CASES OF CONSEQUENCE
SEVENTH CIRCUIT Negligent Misrepresentations/Federal Rules (IL)
The Seventh Circuit has ruled in Turubchuk v. Southern Illinois Asphalt Company, Inc., No. 18-3507 (7th Cir. April 29, 2020) that an Illinois jury should not have been permitted to award an $8 million verdict based upon an insured's failure to disclose the full extent of its insurance coverage. The Seventh Circuit declined to find that a "negligent misrepresentation" common law claim could be founded based upon counsel's failure to properly comply with the disclosure requirements of FRCP 26. While leaving open the possibility that a factual basis might exist for finding liability, the Court of Appeals remanded the case to the trial court, observing that "it was legal error for the district court … to allow plaintiffs' negligence claim to proceed when it relied on a Federal Rule of Civil Procedure for a duty of care."
EIGHTH CIRCUIT Auto/Moving Property Exclusion (MN)
The Eighth Circuit has ruled in Great West Cas. Co. v. Decker 19-1266 (8th Cir. April 29, 2020) that a Minnesota District Court was correct in ruling that an individual, who was injured when bales of hay that were being loaded onto a truck fell on him, could not recover under a Miller-Shugart consent judgment agreement in light of a "moving property" exclusion which excluded from coverage certain permissive users "while moving property to or from" the insured truck. The court ruled that this exclusion was not contrary to the public policy of Minnesota, nor did it undermine state's No-Fault Act.
ELEVENTH CIRCUIT Auto/”Occurrences”
The Eleventh Circuit has affirmed a Georgia District Court's declaration that a chain collision constituted a single “accident” for purposes of the limits of the auto policies involved. In Grange Mutual Casualty Company v. Slaughter, No. 18-1355 (11th Cir. May 1, 2020), the court ruled that this dispute was governed by the Georgia Supreme Court's 2010 adoption of the "cause" rule in Matty and rejected the claimant's argument that Matty was merely a default rule and was contrary to the definition of "accident" in the policies as involving "continuous or repeated exposure to conditions." The Eleventh Circuit ruled that the definition of “accident “ in the policies was, in fact, consistent with the "cause" approach and Matty and that the claimant's argument would necessarily result in there being separate "accidents" each time a new vehicle was struck.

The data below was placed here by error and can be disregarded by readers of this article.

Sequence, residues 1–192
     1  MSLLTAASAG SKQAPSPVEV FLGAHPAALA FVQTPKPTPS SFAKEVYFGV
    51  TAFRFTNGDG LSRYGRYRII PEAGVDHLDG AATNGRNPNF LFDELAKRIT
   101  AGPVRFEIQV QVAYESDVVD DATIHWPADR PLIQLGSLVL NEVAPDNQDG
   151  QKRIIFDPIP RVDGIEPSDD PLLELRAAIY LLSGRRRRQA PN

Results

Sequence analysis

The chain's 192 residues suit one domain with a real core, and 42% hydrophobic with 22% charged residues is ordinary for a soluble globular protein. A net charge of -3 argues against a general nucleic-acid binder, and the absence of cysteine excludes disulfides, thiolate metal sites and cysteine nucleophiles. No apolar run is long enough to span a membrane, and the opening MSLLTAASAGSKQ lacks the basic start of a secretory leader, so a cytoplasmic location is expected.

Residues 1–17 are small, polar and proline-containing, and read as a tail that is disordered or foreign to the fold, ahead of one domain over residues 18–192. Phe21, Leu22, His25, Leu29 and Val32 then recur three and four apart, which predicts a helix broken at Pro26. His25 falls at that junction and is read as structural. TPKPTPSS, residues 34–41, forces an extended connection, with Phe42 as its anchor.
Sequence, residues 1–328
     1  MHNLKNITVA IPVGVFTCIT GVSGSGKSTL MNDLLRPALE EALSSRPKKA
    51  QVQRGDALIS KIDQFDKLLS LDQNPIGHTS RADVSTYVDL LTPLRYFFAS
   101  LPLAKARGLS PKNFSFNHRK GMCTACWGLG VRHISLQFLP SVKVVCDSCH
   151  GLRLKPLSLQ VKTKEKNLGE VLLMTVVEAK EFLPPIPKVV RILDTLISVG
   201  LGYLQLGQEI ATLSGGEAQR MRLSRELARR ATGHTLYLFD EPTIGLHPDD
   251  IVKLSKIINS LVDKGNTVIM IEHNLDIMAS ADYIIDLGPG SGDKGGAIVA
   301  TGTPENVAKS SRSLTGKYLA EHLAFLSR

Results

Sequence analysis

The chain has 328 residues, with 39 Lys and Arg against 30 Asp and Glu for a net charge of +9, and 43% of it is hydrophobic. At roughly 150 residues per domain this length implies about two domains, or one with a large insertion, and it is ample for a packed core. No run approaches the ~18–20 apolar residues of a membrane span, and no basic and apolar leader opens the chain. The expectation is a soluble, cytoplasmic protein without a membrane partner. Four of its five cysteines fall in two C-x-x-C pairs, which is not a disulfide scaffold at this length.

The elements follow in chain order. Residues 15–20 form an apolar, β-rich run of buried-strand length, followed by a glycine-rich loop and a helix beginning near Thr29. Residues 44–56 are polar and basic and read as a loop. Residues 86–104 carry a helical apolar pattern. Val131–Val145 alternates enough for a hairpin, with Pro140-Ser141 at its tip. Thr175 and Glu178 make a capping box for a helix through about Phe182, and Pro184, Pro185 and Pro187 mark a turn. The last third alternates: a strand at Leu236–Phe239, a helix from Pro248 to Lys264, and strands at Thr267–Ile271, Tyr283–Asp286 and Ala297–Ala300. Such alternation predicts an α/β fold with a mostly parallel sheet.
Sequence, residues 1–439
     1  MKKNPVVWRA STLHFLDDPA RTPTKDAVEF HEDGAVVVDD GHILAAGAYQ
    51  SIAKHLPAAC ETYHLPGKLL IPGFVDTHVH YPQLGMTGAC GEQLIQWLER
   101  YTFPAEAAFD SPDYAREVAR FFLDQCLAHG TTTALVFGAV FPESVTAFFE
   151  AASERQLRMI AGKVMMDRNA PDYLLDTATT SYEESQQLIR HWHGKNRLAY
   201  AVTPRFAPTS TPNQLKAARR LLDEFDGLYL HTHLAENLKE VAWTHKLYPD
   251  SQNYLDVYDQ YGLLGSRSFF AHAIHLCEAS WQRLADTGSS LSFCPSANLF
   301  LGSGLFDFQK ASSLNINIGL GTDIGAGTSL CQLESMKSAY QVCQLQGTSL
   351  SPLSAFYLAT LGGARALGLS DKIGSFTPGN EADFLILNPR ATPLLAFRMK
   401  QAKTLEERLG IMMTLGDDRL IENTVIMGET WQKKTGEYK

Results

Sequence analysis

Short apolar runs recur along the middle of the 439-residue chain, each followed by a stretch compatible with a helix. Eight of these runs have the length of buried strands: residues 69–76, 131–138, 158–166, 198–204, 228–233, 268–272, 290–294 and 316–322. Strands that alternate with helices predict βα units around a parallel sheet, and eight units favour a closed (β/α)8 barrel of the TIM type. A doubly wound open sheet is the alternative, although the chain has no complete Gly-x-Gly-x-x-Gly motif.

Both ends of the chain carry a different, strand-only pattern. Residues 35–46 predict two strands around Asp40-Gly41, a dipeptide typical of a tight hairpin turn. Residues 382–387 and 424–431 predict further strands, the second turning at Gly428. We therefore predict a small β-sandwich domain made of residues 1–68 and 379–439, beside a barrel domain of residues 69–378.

ILLINOIS Bad Faith/Good Faith Dispute
The Appellate Court has ruled in Wells v. State Farm Fire and Casualty Company, 2020, IL App (1st) 190631 (Ill. App. April 28, 2020) that a trial court did not err in dismissing bad faith claims against a homeowner’s insurer. In holding that there was no evidence that State Farm had acted vexatiously or unreasonably in denying the insured's claim for water damage to her home, the First District declared that there was clearly a bona fide dispute with respect to whether the property was unoccupied at the time of loss. Further, the court ruled that the insured's complaint contained factual conclusions that were insufficient to survive a motion to dismiss pursuant to § 2-615.
NEW YORK Arbitrations/Procedure
The New York Court of Appeals has ruled that where there was no evidence that parties to an insurance arbitration mutually agreed to treat the issuance of a partial decision as having the same effect as a final award, the arbitration panel acted within the bounds of its broad authority by reconsidering a Partial Final Award that addressed some, but not all, of the issues submitted for arbitration. In reversing a contrary opinion of the Appellate Division, the Court of Appeals declared in American International Specialty Lines Ins. Co. v. Allied Capital Corp., No. 23 (N.Y. April 30, 2020), the Court of Appeals ruled that the panel acted within its authority in reversing an initial award, in which it had ruled that AISLIC owed a duty to defend but that the underlying qui tam settlement was not a “covered loss” and issuing a subsequent decision declaring that the settlement was covered.